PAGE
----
This article is in a superposition of tongue-in-cheek and tongue straight in the mouth. (That's a Norwegian expression meaning "to concentrate on something difficult".) If you read it, please report your experimental observation of which it is, so that we can determine the amplitudes of the two states. However, I am actually making a serious point: Why do we have this non-optimal norm, and can we change it?
Gyms, at least the ones I've been in, seem to have a norm that each user should wipe his own sweat off the machine he just used. This is obviously inefficient. Consider that there are two kinds of users: Sensible, rational people (SRPs) who don't give a damn about other people's sweat on the machine; and finicky fussbudget frumpy failures (4Fs) (names chosen at random out of a hat, and completely unrelated to my own opinion on the point) who are too precious to have anyone else's sweat in their immediate vicinity; it's not as though they're going to shower after their exercise, right? Anyway. Under the existing norm, everyone has to clean once per machine use, but only the 4Fs are getting any utilons. Clearly, if we switch to a norm that everyone optionally cleans the machine they're about to use, then the SRPs are saved some work, while the 4Fs still get to use clean machines. This is an obvious Pareto improvement. Moreover, it's also a Nash equilibrium (and, incidentally, the current norm is a puzzling failure of the usual rule of thumb that social arrangements are Nash equilibria - why have we chosen this particular activity as one where we put effort into pushing people away from the equilibrium?) since nobody can improve his situation by cleaning the machine after using it, or failing to clean beforehand.
Please spread the word of this obvious improvement in gym-users' quality of life! Also, please push society towards the Nash equilibrium by defecting from the current norm: Either clean your machine before, not after, using it, or else don't clean it at all. If anyone challenges you, give them a quick lecture on economics - this has the added benefit of making you popular with the opposite sex.
Some possible objections:
1. My mother taught me to clean up after myself.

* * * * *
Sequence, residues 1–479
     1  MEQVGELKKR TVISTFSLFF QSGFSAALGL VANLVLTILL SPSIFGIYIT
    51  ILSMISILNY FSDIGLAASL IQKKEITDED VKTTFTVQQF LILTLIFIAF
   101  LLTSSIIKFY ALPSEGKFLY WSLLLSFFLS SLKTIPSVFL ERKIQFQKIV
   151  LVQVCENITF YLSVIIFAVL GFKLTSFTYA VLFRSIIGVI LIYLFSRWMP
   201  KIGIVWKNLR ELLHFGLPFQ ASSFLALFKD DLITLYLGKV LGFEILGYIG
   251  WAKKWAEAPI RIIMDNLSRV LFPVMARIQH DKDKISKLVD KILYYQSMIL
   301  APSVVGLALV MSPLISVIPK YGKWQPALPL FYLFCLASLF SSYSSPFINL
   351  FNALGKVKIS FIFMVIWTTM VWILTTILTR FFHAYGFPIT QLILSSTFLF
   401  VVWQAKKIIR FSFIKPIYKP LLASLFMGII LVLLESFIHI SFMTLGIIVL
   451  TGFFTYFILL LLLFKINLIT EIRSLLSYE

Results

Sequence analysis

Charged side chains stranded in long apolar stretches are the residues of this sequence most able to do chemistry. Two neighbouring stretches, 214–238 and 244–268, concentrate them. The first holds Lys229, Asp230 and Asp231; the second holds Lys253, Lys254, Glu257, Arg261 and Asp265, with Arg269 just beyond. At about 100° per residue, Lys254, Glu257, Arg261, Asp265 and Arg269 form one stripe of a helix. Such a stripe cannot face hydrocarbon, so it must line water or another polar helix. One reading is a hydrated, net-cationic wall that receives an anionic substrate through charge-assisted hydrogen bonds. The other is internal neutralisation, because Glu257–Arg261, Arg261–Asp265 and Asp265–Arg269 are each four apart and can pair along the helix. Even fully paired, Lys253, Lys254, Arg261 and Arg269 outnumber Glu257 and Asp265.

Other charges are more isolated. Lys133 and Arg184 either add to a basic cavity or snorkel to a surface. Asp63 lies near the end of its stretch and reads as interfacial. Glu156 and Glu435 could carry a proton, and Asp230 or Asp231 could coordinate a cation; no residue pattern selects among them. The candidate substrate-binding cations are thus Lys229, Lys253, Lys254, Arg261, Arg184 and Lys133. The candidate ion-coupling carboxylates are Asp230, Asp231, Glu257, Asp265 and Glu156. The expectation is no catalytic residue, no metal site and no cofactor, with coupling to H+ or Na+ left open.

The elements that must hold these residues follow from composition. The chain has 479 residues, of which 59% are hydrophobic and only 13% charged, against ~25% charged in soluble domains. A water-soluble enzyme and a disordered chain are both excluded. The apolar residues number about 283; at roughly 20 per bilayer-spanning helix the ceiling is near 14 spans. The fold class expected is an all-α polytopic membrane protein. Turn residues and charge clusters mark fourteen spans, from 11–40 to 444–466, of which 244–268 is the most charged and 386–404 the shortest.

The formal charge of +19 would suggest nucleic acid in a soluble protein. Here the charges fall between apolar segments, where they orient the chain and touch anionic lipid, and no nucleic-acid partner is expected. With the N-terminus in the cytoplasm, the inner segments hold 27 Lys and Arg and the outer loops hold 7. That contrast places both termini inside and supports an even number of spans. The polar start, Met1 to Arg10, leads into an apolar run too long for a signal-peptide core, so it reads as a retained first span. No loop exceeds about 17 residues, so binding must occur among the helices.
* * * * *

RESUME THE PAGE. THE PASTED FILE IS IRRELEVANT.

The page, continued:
And imagine how much more pleasant your childhood would have been, if only you'd known about Nash equilibria and Pareto improvements! However, not all is lost: You can still try to convince your SO or roommate that the one who cares most about mess should be the one to clean it up.
2. My utility function has a term for not making others do work.
Also, apparently, for signalling your concern for others. The total amount of work done is rather less in my proposed new equilibrium. Suggest you update accordingly.
3. I prefer cleaning up my own sweat to cleaning that of others.
Have you considered the benefits of self-modifying to be more masochistic? Today's society offers all kinds of opportunities for turning yourself on, if only you could take advantage! This could actually be more efficient than taking a pill that makes you bisexual, since you can only sleep with so many people in one lifetime anyway. Repeat after me: Thank you for making me clean the machine, Master! Please may I clean another? There, do you feel the surge of hormones?
4. If I have to clean the machine, everyone else should too!
Until the rest of society has self-modified to be sufficiently masochistic to derive pleasure from your dominance, you should not attempt to impose it on them. This aside, have you considered the benefits of suggesting suitable punishments for anyone who doesn't clean their machine? Aren't they being rather naughty? Many exciting encounters may result from this handy ice-breaker!
5. My gym doesn't have that norm.
Excellent! Please spread the word. Today your gym, tomorrow mine!